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Paul Carmichael's great cake

"Great cake, also known in Barbados as black cake or rum cake, is a variation of British Christmas cake that's smashed with rum and falernum syrup," says Momofuku Seiobo chef Paul Carmichael. "This festive cake varies from household to household but they all have two things in common: tons of dried fruit and rum. It's a cake that should be started at least a month out so the fruit can marinate in the booze. Start this recipe up to five weeks ahead to macerate the fruit and baste the cake."

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Mango recipes

Nothing says summer like mangoes. Go beyond the criss-cross cuts - bake a mango-filled meringue loaf with lime mascarpone, start off the day with a sweet coconut quinoa pudding with sticky mango, or toss it through a spicy warm weather Thai salad.

Onion bialys with sugar-cured trout and green peppercorn cream


Bialys are similar to bagels, but they're just baked, not blanched, and they don't have a hole in the centre. To achieve their characteristic dense, chewy texture, use good strong bread flour and only a little yeast, and prove them for a long time. Start this recipe two days ahead to cure the trout and prove the bialys. Makes about 12.

You'll need

To serve: dill leaves   Sugar-cured trout 150 gm caster sugar 100 gm fine sea salt To taste: crushed black peppercorns 1.25 kg side of skinless ocean trout, pin-boned   Onion bialys ¾ tsp dried yeast 600 gm (6 cups) bread flour 2 onions, finely chopped 1½ tbsp olive oil 15 gm butter, coarsely chopped 1½ tsp poppy seeds   Beetroot-stained onion 1 Tuscan red onion, or small Spanish onion, cut into 4 crossways Juice of 1 small beetroot   Green peppercorn cream 250 gm crème fraîche 1½ tbsp coarsely chopped green peppercorns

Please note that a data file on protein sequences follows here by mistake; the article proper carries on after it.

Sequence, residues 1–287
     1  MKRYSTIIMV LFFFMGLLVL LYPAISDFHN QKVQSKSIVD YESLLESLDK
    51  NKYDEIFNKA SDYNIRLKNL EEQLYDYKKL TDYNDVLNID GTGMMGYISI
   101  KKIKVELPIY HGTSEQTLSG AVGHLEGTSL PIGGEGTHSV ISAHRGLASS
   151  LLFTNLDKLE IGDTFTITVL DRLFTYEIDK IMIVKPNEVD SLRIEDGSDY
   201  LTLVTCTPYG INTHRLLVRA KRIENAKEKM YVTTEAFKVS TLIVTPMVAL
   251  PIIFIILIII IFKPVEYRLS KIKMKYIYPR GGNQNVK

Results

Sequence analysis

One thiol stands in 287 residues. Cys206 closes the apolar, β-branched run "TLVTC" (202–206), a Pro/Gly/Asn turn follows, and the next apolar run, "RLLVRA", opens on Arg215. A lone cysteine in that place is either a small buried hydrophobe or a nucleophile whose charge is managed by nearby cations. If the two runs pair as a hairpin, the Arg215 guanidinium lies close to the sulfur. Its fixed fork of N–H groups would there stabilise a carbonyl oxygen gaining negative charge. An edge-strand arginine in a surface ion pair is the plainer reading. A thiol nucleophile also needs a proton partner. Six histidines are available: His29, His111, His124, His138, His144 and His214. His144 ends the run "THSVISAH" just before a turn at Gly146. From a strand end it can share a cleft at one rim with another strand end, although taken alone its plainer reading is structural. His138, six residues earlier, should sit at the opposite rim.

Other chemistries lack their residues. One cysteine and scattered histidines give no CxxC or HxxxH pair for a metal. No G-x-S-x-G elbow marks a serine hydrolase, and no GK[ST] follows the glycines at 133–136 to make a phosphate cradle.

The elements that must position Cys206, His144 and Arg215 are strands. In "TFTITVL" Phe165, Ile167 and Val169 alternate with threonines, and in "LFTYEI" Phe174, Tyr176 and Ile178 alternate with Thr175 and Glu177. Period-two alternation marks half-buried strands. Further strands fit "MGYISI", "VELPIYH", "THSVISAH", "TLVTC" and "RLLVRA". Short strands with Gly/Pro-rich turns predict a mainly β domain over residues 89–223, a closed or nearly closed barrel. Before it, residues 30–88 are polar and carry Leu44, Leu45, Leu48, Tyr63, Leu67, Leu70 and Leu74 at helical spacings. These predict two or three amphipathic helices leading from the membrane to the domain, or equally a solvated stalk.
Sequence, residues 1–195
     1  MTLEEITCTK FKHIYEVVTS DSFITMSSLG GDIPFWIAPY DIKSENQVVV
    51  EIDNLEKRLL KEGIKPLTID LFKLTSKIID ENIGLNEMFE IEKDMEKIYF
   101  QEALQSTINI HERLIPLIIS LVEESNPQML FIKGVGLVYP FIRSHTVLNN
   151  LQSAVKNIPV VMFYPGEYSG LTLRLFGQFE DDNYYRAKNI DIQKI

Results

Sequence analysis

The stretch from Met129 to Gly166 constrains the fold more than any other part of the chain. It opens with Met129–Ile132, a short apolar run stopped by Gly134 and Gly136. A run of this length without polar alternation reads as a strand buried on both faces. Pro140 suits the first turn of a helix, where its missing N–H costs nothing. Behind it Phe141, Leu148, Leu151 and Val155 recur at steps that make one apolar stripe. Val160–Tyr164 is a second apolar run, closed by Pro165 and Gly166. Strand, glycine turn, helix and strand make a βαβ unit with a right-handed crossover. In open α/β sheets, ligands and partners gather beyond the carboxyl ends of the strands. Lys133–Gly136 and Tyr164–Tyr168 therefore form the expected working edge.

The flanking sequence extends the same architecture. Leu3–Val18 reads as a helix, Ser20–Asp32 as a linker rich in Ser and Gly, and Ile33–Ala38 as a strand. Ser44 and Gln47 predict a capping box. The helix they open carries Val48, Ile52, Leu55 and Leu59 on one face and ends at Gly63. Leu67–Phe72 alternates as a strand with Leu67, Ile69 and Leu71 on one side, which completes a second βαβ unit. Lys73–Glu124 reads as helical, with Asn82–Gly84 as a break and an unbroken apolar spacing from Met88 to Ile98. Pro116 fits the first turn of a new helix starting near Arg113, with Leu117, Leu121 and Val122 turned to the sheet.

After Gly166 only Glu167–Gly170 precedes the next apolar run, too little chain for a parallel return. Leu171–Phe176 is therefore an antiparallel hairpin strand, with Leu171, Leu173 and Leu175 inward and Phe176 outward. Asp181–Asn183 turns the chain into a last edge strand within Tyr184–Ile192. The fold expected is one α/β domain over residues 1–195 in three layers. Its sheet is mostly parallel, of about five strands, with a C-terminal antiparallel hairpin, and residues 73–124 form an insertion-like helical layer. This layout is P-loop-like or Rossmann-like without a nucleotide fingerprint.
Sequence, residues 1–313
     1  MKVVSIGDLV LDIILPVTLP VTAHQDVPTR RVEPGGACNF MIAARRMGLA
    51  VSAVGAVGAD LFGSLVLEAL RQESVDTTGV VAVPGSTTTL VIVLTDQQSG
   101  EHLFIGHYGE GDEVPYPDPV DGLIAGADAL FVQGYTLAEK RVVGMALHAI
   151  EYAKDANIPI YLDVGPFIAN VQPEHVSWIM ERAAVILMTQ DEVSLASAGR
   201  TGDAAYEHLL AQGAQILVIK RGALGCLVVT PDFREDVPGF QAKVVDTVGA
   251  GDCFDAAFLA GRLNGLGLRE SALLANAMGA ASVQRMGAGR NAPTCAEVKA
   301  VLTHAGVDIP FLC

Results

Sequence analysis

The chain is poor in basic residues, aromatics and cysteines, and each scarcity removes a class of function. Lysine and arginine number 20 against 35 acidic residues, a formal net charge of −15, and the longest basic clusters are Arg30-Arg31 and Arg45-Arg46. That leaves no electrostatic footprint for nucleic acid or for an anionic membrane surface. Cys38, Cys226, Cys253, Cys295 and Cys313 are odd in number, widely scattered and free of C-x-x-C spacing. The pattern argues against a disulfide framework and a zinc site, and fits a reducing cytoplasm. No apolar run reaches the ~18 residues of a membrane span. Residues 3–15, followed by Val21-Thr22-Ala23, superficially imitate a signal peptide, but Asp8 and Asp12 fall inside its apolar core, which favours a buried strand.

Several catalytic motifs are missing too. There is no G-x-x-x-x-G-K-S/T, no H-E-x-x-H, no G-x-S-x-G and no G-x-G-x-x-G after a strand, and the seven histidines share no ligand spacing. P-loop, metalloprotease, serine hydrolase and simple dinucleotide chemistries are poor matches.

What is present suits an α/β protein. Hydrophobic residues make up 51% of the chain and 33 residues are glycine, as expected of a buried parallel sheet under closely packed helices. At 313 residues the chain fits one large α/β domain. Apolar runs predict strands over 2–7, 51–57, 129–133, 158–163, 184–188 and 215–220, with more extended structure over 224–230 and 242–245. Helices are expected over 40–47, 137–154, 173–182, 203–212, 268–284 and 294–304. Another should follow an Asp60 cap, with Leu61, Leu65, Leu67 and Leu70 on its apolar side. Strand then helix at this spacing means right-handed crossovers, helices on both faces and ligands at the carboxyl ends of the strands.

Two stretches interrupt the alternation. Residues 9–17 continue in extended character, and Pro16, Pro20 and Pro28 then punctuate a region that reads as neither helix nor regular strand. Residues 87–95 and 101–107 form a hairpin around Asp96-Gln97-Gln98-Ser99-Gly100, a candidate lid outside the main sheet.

Method

  • 01
  • For sugar-cured trout, combine sugar, salt and peppercorns in a bowl, spread over trout, wrap in plastic wrap and refrigerate, turning once, for 18 hours. Brush excess cure from trout with a damp pastry brush, pat dry with a damp clean cloth and refrigerate until required.
  • 02
  • For onion bialys, whisk yeast and 270ml lukewarm water in a small bowl and stand until foamy (5 minutes). Combine flour and 1 tsp salt in an electric mixer fitted with a dough hook, add yeast mixture and mix on medium speed until until a smooth, elastic and slightly tacky dough forms (5 minutes). Cover and set aside in a draught-free place until doubled in size (1 hour). Meanwhile, stir onion, oil and butter in a frying pan over low-medium heat until onions start to caramelise (15-18 minutes). Transfer to a bowl and leave to cool, then stir in poppy seeds. Knock back dough and divide into 12 pieces. Roll into balls and place on an oven tray lined with baking paper about 4cm apart. Press the centre of each, turning it as you press, to form a disc with a doughnut-like rim and a flatter centre. Place a spoonful of onion mixture in the centre of each, cover with a damp tea towel and plastic wrap, and refrigerate to prove (at least 6 hours or overnight). Remove from fridge an hour before baking.
  • 03
  • Preheat oven to 220C. Spray oven with water, then reduce temperature to 200C and bake bialys, swapping trays after 10 minutes, until golden and cooked through (15-20 minutes).
  • 04
  • For beetroot-stained onion, combine onion and beetroot juice in a container that holds mixture snugly and set aside for an hour. Remove onion, pat dry with paper towels, thinly slice and separate rings.
  • 05
  • For green peppercorn cream, blend ingredients in a blender until thick and creamy.
  • 06
  • To serve, halve bialys and arrange thinly sliced trout, beetroot-stained onion rings and green peppercorn crème over bases. Scatter with dill and sandwich with bialy tops.

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Nov 2015

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